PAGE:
FunNature & AnimalCan we talk to the animals?

Can we talk to the animals?

Joana Branco has a degree in Biology from the Faculty of Sciences of the University of Lisbon and a master's degree in Journalism and Science Communication from the Carlos III University of Madrid, Joana Branco has several years of research experience in primatology and a Diploma of Studies Advanced in Animal and Human Behavior, by the Autonomous University of Madrid. Since 2012, he is exclusively dedicated to journalism and science dissemination.

They also communicate

We tend to think that we have a monopoly on communication, but little by little scientists are beginning to discover the more subtle and hidden aspects of communication in the animal kingdom.

Although it is well studied and documented in some animals, the mechanisms by which some species communicate remain a great mystery to science. How have some animals evolved to transmit information over long distances? How do animals use their bodies to communicate? And how can some communicate silently?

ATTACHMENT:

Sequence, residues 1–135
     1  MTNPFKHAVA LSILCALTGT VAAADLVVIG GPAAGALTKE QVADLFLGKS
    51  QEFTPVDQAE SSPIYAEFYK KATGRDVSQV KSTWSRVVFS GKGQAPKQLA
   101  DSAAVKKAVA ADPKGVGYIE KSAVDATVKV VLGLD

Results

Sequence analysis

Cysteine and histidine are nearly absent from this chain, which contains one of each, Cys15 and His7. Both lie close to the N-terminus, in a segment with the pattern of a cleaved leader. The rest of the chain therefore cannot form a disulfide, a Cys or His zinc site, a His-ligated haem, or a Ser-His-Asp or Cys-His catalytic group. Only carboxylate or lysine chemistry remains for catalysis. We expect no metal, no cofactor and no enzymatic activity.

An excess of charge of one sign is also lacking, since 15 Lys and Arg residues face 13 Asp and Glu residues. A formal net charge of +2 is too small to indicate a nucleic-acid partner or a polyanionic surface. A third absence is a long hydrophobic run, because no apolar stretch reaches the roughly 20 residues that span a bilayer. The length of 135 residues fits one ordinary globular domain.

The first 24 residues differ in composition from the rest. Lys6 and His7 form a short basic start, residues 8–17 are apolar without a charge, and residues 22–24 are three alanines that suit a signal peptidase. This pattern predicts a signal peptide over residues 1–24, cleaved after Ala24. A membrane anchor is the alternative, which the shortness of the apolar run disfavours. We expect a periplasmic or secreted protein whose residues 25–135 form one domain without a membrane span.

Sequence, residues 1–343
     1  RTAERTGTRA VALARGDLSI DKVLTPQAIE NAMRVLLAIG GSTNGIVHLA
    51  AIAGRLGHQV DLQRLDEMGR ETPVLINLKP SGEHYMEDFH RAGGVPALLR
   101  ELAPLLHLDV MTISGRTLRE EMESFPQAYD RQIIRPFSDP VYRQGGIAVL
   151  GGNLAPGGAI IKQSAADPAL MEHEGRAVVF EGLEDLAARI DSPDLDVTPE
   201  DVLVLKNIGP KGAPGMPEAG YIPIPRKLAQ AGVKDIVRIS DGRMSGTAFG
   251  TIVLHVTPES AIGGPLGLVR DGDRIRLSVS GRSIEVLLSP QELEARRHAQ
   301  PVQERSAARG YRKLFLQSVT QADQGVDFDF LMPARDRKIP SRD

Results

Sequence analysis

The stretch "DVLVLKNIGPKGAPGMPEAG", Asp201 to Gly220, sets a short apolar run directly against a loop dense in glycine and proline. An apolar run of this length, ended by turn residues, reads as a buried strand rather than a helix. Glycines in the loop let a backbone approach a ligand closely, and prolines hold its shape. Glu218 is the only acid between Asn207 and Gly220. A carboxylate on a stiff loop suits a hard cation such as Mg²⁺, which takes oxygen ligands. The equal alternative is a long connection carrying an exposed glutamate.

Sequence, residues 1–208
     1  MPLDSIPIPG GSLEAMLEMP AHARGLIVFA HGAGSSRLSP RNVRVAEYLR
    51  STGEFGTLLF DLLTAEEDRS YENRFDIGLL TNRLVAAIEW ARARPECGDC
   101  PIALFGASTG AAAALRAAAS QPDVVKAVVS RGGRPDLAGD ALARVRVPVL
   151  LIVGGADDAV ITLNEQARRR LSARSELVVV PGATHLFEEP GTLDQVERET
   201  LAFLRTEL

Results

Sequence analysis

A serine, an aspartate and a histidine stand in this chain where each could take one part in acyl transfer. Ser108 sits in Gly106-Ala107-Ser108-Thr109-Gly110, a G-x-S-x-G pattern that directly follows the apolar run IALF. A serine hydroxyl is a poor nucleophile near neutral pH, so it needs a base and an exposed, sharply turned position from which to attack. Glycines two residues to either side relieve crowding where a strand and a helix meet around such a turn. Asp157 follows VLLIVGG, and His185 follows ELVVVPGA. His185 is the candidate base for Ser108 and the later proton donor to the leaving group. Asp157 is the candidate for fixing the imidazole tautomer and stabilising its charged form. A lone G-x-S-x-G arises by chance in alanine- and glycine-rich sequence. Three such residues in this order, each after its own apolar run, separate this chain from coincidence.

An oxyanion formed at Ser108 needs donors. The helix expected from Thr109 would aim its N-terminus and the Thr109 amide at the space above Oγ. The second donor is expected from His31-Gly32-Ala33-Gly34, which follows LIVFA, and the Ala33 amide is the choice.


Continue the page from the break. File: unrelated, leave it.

"Experts say that we will be able to talk with animals, that in less than ten years, at least with dogs we will be able to communicate," explained Joana Branco.

What is the most surprising communication between animals?

The change of color of the chameleons, for them has a lot of meaning. They have cells that we are not able to see, but that shine, and through them they communicate.

Along with Joana Branco's presentation in Homo curiosus, attendees have been able to enjoy the documentary 'The secrets of animal language'.

When hyenas lived in the Arctic

These animals crossed from Asia to America through the Bering Bridge during the Ice Age.

Can an alligator have feathers?

If alligators and crocodiles have the genes that allow them to form feathers, why aren't they feathered?

We were able to start breeding animals 2000 years earlier than previously thought

This is demonstrated by remains of charred manure that are 13,000 years old.

They discover that more than 50 animals that we thought were mute can speak

Acoustic communication plays a fundamental role in aspects such as partner attraction and a number of other behaviors. The finding takes us back to 407 million years ago.

Hairy snail found in 99-million-year-old chunk of amber

How come they had hair? Its utility? Scientists think that Mesozoic land snails probably benefited from their fine hairs. Would it make them more attractive?